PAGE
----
Nudging Editors

Duotrope, the website no submitting writer can do without, keeps a list of the most slothful magazines (based on author reports, so take it for what it's worth). If you're working to get your stories out there, you also need to be diligent in tracking and organizing your submissions.

A quick review of my tracker (hard copy, kept in a folder--I'm ol' school like that) shows a couple of submissions that have been out for well over a year. I'm writing them off as rejections.

But before you do that, make sure that you craft a short, specific and professional query and submit it to the editor of the magazine to inquire about the status of your story.

Most markets will get back to you within ninety days (that seems to be the industry standard). A couple of the more prestigious journals (Ploughshares, The Yale Review, Zoetrope) are famous for taking a year or more to drop a thin form rejection in the mail. Some get back to you so fast it makes your head spin.

Lone Star Stories, an excellent venue for quality speculative fiction and poetry, is in this camp. Editor Eric Marin has shot me a courteous "no" a few hours after I've sent in a piece.

Alas, I will find my way into those virtual pages in due time!

So the spectrum is wide and varied in terms of return times. When should you tap an editor and ask about a tale? I'd say thirty days after their posted response times.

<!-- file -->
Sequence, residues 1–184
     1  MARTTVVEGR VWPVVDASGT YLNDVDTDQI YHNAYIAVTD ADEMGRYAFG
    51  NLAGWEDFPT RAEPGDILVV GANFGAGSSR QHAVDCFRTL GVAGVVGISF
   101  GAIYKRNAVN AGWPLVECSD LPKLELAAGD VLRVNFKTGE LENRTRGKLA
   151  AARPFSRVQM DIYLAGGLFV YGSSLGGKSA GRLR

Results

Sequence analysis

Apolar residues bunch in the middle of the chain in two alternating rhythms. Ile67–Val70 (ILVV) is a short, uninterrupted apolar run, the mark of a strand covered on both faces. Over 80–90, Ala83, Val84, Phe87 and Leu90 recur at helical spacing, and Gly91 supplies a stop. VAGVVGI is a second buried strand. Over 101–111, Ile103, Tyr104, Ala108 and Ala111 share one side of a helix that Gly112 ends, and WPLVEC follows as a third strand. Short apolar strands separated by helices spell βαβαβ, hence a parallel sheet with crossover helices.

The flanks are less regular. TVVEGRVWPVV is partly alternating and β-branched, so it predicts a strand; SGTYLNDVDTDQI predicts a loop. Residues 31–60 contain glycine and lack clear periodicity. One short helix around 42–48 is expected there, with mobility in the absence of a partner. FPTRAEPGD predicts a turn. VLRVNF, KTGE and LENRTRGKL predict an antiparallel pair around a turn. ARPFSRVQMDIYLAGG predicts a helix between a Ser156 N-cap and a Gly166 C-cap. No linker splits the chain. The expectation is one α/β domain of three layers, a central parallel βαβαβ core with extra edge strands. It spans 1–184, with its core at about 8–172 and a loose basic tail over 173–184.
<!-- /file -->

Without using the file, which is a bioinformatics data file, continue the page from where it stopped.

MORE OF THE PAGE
Recipe for Submissions:

  • Revise, polish, buff and shine that story until they can't say no;
  • Compose a short, professional submission letter that can be easily adapted for both postal and digital submissions;
  • Research the magazine and its staff--try to direct your piece to the appropriate editor. If it's a little ambiguous, To Whom It May Concern is always your best bet;
  • Observe the guidelines on simultaneous submissions! I think this is an aspect of your goodwill and professionalism as a writer;
  • Wait and hope, then wait and hope some more;
  • Nudge the editor--politely, of course.

I've got a friend who edits a fairly prominent journal out in Oregon. He tells me he often receives queries that follow this general format:

hi did u read the storie i sent u thanx for checking

No author name, no story title. Now, if that's the competition in the slush pile, we should all feel bad when they say no, am I right?

At any rate, don't write a story off until you at least try a query. There are a few magazines that I've queried who haven't bothered to get back to me at all, but most editors are happy to drop you a short note on the status of your piece.

Those magazines whose response is, well, nothing at all?

Screw 'em. Life's too short to deal with folks who don't give a shit...


ashley b said...

"Screw 'em. Life's too short to deal with folks who don't give a shit..."

ain't that the truth :)

Nuclear Jellyfish?? Sounds interesting.

Daniel W. Powell said...

Afternoon Ashley,

Yeah, Tim Dorsey's a fine writer and his books are pretty great. He's a good guy too, who often comes to Jacksonville to sign books (Nuclear Jellyfish features Jax prominently...).

I'd recommend starting with Florida Roadkill and working your way through the stories.

You Know When It's Good

If you spend any real time at the word processor, you understand that sometimes the writing flows and you just know in your heart and in you...